Super-liver, super-lover, super-listener:
Three superpowers everyone should have
By Natali Trivuncic
Kellylee Evans, Glebe resident, has had her share of trying times. Many of them could have killed her, but Evans does not dwell on the “what if;” instead she looks at the “what now.”
Evans, a jazz and soul singer and recipient of a Juno in 2011, was asked to speak to the children at Mutchmor Public School on May 7 about resilience. She began with her song “Built to Fly,” that’s about overcoming life’s obstacles. The song is the perfect segue into Evans’s speech on how to be a resilient person.
Evans said the first thing she learned was to be a super-liver. Her mother was diagnosed with cancer and a year later passed away. Evans said this made her realize how short life is.
She tells the kids at Mutchmor to do what makes their heart sing and for Evans that was singing. While she wanted to make her family proud, she also wanted to be proud herself. She decided that her university degree could wait while she pursued her passion for singing.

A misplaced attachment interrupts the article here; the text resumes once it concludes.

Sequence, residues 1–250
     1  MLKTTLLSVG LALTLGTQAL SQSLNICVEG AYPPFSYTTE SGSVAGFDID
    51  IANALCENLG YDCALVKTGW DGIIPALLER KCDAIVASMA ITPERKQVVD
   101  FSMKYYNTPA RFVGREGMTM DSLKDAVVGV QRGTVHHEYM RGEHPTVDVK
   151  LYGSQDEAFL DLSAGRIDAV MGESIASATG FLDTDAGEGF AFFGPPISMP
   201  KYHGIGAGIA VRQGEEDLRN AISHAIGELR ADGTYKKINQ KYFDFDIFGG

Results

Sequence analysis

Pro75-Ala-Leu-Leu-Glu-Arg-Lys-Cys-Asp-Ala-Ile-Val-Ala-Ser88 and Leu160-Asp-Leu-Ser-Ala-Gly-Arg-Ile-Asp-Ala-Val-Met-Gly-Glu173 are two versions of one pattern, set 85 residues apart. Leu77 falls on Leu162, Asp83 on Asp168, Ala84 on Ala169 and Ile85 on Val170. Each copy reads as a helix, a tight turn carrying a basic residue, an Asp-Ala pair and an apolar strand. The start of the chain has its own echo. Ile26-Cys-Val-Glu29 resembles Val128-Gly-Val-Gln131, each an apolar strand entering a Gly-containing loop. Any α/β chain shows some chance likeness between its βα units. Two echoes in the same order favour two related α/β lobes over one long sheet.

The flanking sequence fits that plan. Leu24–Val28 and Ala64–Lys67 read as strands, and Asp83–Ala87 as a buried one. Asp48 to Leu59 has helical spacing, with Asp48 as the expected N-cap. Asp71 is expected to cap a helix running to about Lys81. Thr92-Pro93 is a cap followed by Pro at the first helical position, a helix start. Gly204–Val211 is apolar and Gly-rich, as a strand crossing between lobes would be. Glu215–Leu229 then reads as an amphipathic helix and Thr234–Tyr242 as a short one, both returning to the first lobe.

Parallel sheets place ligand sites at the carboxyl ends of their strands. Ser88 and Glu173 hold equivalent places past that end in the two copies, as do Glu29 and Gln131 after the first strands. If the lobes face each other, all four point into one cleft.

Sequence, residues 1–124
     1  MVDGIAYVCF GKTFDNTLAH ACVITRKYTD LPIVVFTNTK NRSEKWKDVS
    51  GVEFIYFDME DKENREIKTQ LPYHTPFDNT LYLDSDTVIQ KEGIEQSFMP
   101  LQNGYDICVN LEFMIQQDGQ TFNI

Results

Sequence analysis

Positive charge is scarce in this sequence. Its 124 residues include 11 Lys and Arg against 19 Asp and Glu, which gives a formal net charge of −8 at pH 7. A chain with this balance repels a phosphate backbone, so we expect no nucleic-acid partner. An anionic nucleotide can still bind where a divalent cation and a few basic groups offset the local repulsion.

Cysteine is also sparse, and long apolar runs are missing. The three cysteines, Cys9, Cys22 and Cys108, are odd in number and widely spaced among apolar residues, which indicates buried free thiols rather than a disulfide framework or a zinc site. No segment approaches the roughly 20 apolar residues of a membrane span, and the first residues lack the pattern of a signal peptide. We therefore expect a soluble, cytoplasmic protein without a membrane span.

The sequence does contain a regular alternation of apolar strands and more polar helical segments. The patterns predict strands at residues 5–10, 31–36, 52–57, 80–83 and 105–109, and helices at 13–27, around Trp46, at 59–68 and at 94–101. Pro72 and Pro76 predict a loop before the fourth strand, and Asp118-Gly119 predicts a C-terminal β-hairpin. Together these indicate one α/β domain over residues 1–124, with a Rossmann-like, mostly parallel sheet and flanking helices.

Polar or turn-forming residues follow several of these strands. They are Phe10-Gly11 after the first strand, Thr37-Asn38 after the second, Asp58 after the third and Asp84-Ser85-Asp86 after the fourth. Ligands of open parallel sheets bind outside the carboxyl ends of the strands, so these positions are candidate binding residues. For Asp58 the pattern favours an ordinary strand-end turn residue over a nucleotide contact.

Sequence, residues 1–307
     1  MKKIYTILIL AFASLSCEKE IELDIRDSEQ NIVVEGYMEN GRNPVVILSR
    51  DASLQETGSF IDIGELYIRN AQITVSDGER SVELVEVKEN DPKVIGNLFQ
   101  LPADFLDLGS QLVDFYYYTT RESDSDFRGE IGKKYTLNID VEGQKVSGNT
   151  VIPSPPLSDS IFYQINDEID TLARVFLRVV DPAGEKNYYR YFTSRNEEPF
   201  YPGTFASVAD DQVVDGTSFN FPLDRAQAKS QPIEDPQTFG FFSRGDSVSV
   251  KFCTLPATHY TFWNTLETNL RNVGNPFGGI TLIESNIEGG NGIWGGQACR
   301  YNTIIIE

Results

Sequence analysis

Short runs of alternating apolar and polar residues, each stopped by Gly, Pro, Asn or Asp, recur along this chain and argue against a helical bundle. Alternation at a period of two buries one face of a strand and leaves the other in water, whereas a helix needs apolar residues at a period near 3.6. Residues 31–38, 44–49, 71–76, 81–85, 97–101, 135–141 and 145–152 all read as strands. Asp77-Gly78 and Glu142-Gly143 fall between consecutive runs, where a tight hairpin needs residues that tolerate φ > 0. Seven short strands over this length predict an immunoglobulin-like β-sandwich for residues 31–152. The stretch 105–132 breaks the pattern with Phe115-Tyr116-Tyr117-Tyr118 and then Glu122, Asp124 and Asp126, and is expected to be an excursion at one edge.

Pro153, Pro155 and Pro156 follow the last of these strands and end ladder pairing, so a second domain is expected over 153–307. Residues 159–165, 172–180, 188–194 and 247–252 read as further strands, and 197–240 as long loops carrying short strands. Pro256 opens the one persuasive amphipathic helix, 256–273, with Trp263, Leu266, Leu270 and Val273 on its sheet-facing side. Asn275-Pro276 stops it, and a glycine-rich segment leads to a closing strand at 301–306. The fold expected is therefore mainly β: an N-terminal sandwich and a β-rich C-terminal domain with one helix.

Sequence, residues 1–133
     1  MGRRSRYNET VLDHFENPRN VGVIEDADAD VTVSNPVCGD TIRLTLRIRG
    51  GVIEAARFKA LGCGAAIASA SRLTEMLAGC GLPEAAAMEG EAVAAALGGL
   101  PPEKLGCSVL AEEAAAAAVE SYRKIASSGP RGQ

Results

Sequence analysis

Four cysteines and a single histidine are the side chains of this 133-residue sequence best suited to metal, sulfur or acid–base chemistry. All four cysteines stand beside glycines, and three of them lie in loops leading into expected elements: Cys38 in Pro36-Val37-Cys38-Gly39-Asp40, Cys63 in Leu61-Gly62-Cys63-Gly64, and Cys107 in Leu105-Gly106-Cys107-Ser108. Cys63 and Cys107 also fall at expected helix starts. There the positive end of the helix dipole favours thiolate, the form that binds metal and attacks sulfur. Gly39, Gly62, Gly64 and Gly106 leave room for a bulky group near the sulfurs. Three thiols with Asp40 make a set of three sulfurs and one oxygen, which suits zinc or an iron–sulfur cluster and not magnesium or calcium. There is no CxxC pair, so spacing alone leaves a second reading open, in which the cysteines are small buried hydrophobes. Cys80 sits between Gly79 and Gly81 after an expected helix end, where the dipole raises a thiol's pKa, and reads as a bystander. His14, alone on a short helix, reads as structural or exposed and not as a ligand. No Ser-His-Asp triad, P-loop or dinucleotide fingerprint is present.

Not fulfilling a New Year’s resolution does not usually have consequences, but Evans said not sticking to hers almost cost her life. Evans was struck by lightning while washing dishes, which left her in a wheelchair for months. Evans’s story is not only a cautionary tale of what not to do during a lightning storm but also why it’s important to listen to your inner voice. Evans refers to being a super-listener as being in tune with your inner voice. She said if she had listened to her inner voice she may not have been struck by lightning.
Although she could not hold her own microphone, Evans continued to tour the world, doing what made her heart sing.
Through all her hardships, Evans said the most important thing she learned is to be a super-lover. She spoke about the importance of self-care and asked the kids to think about five things they like to do to take care of themselves or to put themselves in a better mood. From some of the answers it was clear that the things we do in our everyday life can make us happy. For Evans, a bath is one of those things.
Evans said it was important to speak to the kids at Mutchmor about resilience because it is the only thing that kept her going. “Every single day if I have resilience and that’s the one skill that will bring me through any life situation,” said Evans, adding “I’ve had so many periods where I didn’t know what was going to come next, if I was going to be able to get up again, if I was going to be able to leave the house, so the only thing that’s gotten me through is resilience.”
Natali Trivuncic is a student in the Carleton journalism program.